In telling the story of women in aviation Sky Girls tells the overall story of aviation. Industry icons Beech, Cessna, Lockheed and others along with enthusiastic advocates such as Will Rogers (who respectfully coined the phrase of Powder Puff Derby) and Howard Hughes are integral elements of this true tale of daring-do. Ninety-Niners, Whirly Girls, and Ida Van Smith are only some of the organizations and people who worked to expand access to aviation instruction and employment opportunities to women. “Finally, in 1973, Chief Pilot Johnny Myers… couldn’t think of any reason not to hire Howell Warner since she was so overqualified compared to the male pilots they were already hiring.” [pg. 324]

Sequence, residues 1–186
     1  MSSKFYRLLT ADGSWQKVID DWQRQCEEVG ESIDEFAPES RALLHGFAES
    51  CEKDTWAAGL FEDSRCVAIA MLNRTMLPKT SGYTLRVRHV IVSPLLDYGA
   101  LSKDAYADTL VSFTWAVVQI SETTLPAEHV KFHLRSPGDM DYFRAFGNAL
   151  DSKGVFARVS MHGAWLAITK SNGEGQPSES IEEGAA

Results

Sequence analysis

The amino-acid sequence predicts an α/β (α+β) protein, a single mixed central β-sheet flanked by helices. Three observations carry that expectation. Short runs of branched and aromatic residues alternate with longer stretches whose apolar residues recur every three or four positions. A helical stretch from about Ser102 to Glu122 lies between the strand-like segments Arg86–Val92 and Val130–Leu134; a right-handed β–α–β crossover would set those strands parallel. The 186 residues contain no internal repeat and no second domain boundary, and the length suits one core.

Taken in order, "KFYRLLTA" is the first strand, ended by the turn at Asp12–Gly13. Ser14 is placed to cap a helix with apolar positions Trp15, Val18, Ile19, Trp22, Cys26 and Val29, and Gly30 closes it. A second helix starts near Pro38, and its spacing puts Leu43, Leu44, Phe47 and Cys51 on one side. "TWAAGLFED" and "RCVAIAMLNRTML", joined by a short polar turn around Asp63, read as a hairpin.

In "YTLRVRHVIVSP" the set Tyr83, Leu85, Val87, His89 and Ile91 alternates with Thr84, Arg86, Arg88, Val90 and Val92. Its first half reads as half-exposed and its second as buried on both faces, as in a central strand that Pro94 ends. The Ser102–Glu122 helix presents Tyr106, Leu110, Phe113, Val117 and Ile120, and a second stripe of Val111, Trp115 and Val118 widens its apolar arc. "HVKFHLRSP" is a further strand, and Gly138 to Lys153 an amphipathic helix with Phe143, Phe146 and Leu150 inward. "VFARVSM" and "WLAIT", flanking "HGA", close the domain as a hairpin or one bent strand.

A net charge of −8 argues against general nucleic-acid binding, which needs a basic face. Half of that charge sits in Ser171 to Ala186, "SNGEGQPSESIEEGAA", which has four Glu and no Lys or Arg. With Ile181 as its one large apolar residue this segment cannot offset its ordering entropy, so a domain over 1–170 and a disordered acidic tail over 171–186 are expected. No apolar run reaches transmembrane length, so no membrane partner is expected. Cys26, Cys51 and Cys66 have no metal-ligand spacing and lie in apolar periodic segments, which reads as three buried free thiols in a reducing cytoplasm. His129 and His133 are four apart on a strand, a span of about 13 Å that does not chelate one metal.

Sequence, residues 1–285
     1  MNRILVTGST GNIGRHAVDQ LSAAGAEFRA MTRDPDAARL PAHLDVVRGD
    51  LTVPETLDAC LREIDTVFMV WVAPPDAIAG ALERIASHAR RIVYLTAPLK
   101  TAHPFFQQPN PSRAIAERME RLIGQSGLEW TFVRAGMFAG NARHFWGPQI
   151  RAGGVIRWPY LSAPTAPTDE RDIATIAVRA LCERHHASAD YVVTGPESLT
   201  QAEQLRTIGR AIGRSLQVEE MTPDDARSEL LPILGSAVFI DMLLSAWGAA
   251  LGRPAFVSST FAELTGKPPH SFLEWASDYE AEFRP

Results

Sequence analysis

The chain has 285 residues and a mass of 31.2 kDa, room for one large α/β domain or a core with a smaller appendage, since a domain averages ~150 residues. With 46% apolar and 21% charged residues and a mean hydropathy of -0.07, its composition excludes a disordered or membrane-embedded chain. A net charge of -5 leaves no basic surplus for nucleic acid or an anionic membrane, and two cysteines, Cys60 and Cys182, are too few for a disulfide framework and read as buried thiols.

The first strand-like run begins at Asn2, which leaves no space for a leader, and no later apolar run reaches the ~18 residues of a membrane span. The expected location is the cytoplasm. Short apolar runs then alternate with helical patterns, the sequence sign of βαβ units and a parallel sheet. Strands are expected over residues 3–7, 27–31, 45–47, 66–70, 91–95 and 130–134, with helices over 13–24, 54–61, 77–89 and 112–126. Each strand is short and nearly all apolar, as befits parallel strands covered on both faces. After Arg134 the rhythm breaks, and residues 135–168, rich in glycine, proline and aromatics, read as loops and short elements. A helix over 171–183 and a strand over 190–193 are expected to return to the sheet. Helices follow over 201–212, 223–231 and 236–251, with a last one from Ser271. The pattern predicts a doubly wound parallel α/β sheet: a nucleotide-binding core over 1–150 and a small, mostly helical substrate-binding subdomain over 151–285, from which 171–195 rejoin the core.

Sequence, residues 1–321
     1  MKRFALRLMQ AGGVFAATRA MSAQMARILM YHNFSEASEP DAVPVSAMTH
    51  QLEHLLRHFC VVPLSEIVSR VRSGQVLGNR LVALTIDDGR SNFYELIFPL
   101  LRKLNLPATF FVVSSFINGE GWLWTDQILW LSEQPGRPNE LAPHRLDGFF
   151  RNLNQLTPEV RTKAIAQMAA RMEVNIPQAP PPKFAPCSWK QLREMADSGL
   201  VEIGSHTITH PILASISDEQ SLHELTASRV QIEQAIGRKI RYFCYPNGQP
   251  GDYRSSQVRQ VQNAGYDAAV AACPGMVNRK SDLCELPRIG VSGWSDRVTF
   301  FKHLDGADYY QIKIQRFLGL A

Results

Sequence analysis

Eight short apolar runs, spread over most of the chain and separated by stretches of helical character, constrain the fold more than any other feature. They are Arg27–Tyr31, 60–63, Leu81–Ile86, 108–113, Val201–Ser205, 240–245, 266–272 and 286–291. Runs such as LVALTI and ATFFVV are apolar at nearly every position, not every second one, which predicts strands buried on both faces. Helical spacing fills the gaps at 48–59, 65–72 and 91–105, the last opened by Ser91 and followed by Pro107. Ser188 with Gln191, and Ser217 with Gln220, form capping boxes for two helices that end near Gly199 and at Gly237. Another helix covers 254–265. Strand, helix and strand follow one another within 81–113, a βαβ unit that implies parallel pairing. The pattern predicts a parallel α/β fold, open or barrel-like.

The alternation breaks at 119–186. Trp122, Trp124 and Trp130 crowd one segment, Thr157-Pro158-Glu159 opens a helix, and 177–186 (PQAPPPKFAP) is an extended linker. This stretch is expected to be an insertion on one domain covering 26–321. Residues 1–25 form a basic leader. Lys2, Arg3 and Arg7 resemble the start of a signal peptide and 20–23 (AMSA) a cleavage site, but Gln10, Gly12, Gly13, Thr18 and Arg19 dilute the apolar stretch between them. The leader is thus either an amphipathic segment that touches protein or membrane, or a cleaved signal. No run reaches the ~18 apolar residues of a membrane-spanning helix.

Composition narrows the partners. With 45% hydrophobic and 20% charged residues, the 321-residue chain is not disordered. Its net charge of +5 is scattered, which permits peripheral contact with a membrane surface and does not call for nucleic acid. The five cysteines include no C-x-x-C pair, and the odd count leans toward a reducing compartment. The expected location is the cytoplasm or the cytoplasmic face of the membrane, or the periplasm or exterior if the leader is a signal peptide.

As for expanding the general public’s understanding of the science and art of flight and aviators, the epilogue, afterword, author’s note, acknowledgements, photo credits, index, reading group guide, and conversation with the author all contribute to a deeper comprehension of aviation as a professional discipline and as a personal mission.
Wish Upon a Bollywood Star
by Pamela Q. Fernandes
Inkspell Publishing 10 December 2018
During what some in entertainment media are calling the Bollywood wedding season with the marriages of Ranveer Singh and Deepika Padukone, Priyanka Chopra and Nick Jonas, and upcoming nuptials for Kapil Sharma and Ginni Chatrath, the dramatic, mostly self-inflicted turmoil in Wish Upon a Bollywood Star is a timely tale. Soumya Ninan, a twenty-six-year-old Keralite woman, meets thirty-six-year-old Punjabi man Vir Seth at the public relations firm where she works as a junior agent-slash glorified gofer. Their best friends Kirti and Dhruva add to the melodramatic rendering of this Cinderella tale set in the 21st century.